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VALLAS FACTS: 'The Paul Vallas Hoax' in the March 2002 Substance exposed every lie, half-truth, and self serving utteration of Vallas

Substance had the story first, with all the facts. Paul Vallas was a fraud in 1998, just as he has been exposed to be in 2013 in Connecticut. But the facts were ignored for more than a decade. And during those years Paul G. Vallas (and at times his so-called "team") cavorted around the country, pushing the toxic sludge of corporate "school reform" across the USA (and even into other nations).

[See "The Vallas Hoax" at http://substancenews.com/archive/March02/index.html]

How did it happen? Basically, the majority of reporters (and school board members) simply recycled Vallas's own versions of reality, carefully selected from a pile of news clippings from Chicago. The contrary evidence was ignored, while members of the Business Roundtable and other plutocrats pushed Vallas on one school district after another.

Substance had the story early, and we published it. After covering the hypocrisies and lies of Paul Vallas's regime in the final years of the 20th Century, Substance covered Vallas's departure in June and July 2001. In May and June 2001, Vallas finally forced the hand of an exasperated Mayor Richard M. Daley, who replaced Vallas, to no benefit for the public schools, with Arne Duncan in July 2001. Vallas briefly proclaimed that he would take some time off, play some ball with his kids, and rethink what he was doing. Ha! Substance said. Within a month, Vallas was angling to try and become Governor of Illinois. Playing ball would have to wait.

By early 2002, with the Democratic primary in Illinois looming, we had to get the word out beyond our print edition. The debut of Substance on the Web devoted more than 15,000 words of reporting and analysis to the lies of Paul Vallas as he tried to become Governor of Illinois.

In March 2002, as Paul G. Vallas was running for the Democratic nomination for governor of Illinois, Substance published a series of articles in print and on line (in our first Web edition, at our "old" site, www.substancenews.com). The series was called "The Paul Vallas Hoax." In that edition, our readers learned about everything from Vallas's phony resume (he claimed to have taught; it wasn't true; he claimed to have authored major scholarly papers; again, not true; etc.) to his racism.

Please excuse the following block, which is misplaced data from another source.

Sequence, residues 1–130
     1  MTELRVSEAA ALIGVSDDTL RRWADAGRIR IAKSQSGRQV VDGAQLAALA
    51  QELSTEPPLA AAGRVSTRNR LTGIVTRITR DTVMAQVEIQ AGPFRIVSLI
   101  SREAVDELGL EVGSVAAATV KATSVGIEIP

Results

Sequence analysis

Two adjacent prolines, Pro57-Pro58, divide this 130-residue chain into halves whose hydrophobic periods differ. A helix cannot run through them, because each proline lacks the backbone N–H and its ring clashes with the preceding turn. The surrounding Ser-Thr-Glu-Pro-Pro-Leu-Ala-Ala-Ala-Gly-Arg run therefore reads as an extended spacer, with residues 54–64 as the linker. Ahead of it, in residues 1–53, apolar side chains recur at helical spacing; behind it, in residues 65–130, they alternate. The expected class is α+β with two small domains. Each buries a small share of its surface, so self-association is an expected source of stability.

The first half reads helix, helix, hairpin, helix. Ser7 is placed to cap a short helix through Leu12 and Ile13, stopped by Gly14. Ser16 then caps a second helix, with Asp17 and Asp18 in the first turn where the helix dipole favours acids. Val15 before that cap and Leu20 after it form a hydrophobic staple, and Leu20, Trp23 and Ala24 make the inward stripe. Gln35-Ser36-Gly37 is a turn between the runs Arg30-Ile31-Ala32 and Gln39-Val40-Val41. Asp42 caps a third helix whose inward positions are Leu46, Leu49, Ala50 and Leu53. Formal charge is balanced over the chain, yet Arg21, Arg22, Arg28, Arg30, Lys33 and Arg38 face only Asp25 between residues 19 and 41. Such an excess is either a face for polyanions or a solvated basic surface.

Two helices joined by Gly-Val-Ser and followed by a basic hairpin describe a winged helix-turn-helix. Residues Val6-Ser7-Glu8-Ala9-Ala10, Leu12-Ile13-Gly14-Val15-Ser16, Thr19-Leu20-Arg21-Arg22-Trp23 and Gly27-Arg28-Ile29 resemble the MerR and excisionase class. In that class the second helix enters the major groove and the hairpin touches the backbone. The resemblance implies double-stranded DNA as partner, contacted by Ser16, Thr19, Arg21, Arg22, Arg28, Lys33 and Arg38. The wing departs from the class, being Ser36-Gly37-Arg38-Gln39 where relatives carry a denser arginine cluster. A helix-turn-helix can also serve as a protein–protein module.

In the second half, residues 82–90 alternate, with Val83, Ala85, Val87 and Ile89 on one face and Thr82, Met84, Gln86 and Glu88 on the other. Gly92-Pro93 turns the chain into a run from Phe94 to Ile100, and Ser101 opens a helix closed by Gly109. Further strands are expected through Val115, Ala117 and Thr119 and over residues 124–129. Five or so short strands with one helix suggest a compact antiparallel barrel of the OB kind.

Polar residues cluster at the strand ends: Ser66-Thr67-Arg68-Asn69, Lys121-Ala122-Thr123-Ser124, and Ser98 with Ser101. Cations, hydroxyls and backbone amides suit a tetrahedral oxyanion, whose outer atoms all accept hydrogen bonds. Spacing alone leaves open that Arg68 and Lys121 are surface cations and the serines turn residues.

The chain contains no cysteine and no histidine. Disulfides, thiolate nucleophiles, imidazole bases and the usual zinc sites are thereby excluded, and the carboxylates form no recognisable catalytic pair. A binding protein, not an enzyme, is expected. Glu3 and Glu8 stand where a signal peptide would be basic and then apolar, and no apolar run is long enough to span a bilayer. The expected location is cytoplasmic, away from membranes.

Vallas lost the vote, but not the affection of some of the pundits and the plutocracy. As a result, the Vallas show, with all its lurid repetitions, went on the road, first to Philadelphia, then to New Orleans, down to Haiti, and on to Connecticut. At each point, the carefully scripted lines, the massive clip files (each of which repeated the previous claims), and the fussy monitoring of any criticisms continued. Always at the center was Vallas's ego -- by the time he arrived in Connecticut, he compared himself to Michael Jordan and blushed humbly while his supporters called him an educational "Rock Star" (a phrase used to describe other frauds and fakes and con men and women to emerge from the Chicago hoax).

On June 28, 2013, a Connecticut court has again stopped Vallas. We want to share here what we reported in 2002. With the widespread collapse of the corporate school reform that was promoted by the plutocrats and pundits who praised Vallas unblushingly for nearly two decades, maybe it's finally time that the next school district doesn't get suckered into hiring Paul Vallas for a quarter of a million dollars a year to "save" their public schools. We'll see.



Comments:

November 3, 2018 at 5:29 AM

By: Sharon Schmidt

Plutocratic praise for Vallas

Some of the Chicago media write-ups of Vallas would be funny if he weren't so dangerous. George and I used to laugh at the fawning crap published by the Sun-Times in the late 1990s (one piece actually quoted his mom). A Tribune editorial earlier this year talked about him as a formidable opponent with great ideas. Funny, though, one of the Trib's praises of him contains this gem: "Vallas, by contrast [to Rahm Emanuel]r, grew up in the restaurant business greeting customers. He earned mediocre grades in high school and attended a state university. He is known for being approachable and conversational." Substance will continue to share the real and mediocre story of Paul Vallas as the race for Chicago mayor picks up.

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